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Following Elijah’s stunning victory over the prophets of Baal in 1 Kings 18, he turns his attention to drought that continued to linger over the land. Back in 1 Kings 17, Elijah had announced a drought on the land because of the apostasy of the people. They had backed into Baalism and paganism. And their failure to remain faithful to the Lord carried the judgment of God removing his word from the people, signified by the lack of rain or dew. This was also a polemic against Baal, the storm god. The Baal cycle would be broken and the LORD would show himself to be God.

"With which person in the Bible do you most identify?" This is a question I have often asked others in the church over the years. Most of us lack even enough self-awareness to able to answer the question. Others among us have a propensity to appeal to the best characters in Scripture.

Theodulf of Orleans – Poet and Theologian in the Carolingian Court

            Theodulf belonged to the group of bright minds Charlemagne gathered at his court in order to boost education in his empire. Born in a Visigothic family, probably in Spain, around the year 750, he is named after the French city where he became bishop, Orleans.

As we pass Labor Day and settle into the fall, I want to label a few of the most influential ideas about work in Western thought and invite you, my reader, to see which thoughts might be informing you and supplanting more biblical ideas about work. Without further ado

     Most Greeks thought work was a curse. They especially despised manual labor. Leaders tried to foist it on servants or slaves, so they would have time for philosophy and friendship. To this day, many follow the Greeks in thinking of work as an evil to avoid, if possible.

"I know what the Bible says, but how can I forgive that man, after everything he has done? And he isn't even sorry."

Christians are frequently reminded to “remember the reason for Christmas,” meaning, of course, that we should turn our attention away from the cultural trappings and to the fact that Jesus was born to Mary in Bethlehem.  But this Christmas, perhaps we should fix our attention a little more closely, not just on the details of Jesus’ birth, but on the miracle of the incarnation.  In so doing, we join a great cloud of Christian witnesses, who have reflected deeply on this glorious mystery.

This week on Theology on the Go, Dr. Jonathan Master is joined by Dr. Liam Goligher, pastor of the historic Tenth Presbyterian Church in downtown Philadelphia, PA. As pastor of Tenth Presbyterian, Dr. Goligher has done much thinking and teaching on the topic of missions, and how Christians are to reach the lost. This installment of Theology on the Go gives a glimpse of some of that teaching as Dr. Goligher chats with Jonathan about the doctrine of missions.

As we further explore what it means to ‘preach Christ from all the Scriptures’, another key strand is to remind ourselves of the first of his threefold offices. He is not only our Priest and King; but he is primarily God’s great Prophet. It is his business to make God known.

The expectation that a unique prophet would one day be sent by God was deeply embedded in the mind of the people of Israel from their earliest days. Moses, speaking the Israelites prior to their entrance into the Promised Land, told them,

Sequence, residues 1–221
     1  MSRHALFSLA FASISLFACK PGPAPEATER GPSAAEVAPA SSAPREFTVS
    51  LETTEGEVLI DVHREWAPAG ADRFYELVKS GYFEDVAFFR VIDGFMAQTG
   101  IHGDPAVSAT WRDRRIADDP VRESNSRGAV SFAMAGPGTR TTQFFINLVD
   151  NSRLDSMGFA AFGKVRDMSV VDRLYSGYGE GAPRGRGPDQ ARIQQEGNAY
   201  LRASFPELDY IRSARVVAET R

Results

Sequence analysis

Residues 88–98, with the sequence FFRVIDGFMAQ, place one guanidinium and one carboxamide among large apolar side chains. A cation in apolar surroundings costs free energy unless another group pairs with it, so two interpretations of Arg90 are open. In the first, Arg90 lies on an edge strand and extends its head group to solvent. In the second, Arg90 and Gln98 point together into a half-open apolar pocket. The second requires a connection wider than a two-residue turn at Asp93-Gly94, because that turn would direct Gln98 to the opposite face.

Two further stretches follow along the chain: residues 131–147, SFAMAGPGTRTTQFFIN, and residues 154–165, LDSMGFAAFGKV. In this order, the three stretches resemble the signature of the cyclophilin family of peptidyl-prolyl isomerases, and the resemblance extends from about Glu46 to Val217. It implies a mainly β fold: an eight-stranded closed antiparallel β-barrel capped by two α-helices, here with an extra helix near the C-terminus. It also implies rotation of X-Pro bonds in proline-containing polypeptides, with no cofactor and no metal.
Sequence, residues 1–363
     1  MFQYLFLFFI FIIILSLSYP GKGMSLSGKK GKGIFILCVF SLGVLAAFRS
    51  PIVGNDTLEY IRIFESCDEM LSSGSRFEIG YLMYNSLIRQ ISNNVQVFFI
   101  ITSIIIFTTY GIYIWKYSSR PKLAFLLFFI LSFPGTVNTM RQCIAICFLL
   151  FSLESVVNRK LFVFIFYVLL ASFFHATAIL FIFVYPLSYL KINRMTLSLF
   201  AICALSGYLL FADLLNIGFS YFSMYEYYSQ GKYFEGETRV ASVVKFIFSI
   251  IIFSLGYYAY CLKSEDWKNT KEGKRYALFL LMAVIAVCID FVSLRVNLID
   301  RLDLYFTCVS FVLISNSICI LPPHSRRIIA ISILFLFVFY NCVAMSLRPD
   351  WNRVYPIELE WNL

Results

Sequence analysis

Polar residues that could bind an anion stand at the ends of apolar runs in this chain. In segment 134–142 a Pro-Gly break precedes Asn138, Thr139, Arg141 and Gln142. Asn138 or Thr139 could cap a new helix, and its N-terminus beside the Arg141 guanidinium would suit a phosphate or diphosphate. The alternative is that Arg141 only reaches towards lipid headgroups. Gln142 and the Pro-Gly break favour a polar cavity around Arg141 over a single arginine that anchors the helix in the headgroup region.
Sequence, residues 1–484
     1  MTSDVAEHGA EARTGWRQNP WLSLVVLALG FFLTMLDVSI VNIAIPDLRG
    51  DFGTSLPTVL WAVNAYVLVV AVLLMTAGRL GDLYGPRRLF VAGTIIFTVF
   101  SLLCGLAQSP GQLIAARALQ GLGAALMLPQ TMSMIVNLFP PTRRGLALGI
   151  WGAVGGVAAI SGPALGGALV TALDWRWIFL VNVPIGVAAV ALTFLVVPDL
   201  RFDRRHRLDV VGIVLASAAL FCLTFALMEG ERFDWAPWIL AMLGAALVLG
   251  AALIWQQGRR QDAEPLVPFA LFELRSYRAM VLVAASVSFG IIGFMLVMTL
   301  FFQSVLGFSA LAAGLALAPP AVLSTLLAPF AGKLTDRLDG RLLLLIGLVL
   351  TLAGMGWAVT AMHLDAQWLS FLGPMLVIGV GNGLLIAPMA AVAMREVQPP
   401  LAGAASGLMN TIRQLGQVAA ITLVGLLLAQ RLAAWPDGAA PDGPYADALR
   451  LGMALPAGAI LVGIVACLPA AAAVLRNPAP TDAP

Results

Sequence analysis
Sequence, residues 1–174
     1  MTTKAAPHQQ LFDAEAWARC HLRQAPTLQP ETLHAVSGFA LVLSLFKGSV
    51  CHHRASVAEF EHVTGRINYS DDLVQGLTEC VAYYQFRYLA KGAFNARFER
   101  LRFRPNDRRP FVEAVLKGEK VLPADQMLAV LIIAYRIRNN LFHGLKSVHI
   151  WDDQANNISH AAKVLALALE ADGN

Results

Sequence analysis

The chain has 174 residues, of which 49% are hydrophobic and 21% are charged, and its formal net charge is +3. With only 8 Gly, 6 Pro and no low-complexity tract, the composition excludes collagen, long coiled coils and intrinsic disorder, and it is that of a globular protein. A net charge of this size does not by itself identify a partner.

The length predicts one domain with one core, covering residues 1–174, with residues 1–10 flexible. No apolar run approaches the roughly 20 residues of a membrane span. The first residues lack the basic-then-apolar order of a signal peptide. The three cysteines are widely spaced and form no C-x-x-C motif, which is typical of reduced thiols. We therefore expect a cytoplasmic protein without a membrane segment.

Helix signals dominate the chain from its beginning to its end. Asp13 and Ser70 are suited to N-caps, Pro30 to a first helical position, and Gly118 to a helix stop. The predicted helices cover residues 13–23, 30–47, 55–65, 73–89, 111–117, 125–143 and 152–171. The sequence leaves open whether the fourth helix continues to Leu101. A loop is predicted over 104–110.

In the two preceding articles on what it means to ‘preach Christ’ we have already noted the connection between God’s promise of salvation and the covenant he made with Abraham in relation to his seed. However, the question arises as to with whom exactly was this covenant made and by whom it is ultimately guaranteed.

This month, the Alliance is pleased to offer a free MP3 download of Discipleship from the Alliance Teaching Series. Curated from years of biblical teaching, Discipleship presents listeners with thirteen encouraging messages on sanctification, the Church, and the Christian life. Download your copy here! 

Our featured resource this month is The God of Creation – Truth and Gospel in Genesis 1 by Richard Phillips. We've discounted the price, so get your copy at Reformed Resources today!

…he was a thief, and had the money box; and he used to take what was put in it.

John 12:6bNKJV

Anyone who might still hold to the classical liberal perspective that the God of the Old Testament was this angry, vengeful, “bad-hair-day” deity that frankly hated everyone and everything ,while the New Testament Jesus was a veritable hippie, spouting free love and holding forth no judgment of any kind, has obviously not read (or has read and does not believe!) texts like Matthew 5. Most of us can get through the day without actually ending someone else’s life or fornicating with someone-not-our-spouse. But who can stop anger or lust dead in their tracts?

Simonetta Carr joins Jonathan and James today. She opens up about very difficult times in her life, during which she dealt with schizophrenia in her family, which would ultimately claim her son.

Editor's Note: This post has been adapted with permission from Meet the Puritans, available at ReformedResources.org. While there, be sure to also check out William Perkins: Architect of Puritansim.

Satan tempts us to excuse or ignore our sin by showing us the sins of great men. We need not turn to tabloid newspapers to read of such sins; the Bible will suffice. Noah got drunk. Abraham lied. Jacob deceived his father and cheated his brother. David committed adultery and murder. Peter denied the Lord Jesus Christ and behaved hypocritically toward Gentile Christians. Satan tells us that such examples prove sin comes with few negative consequences.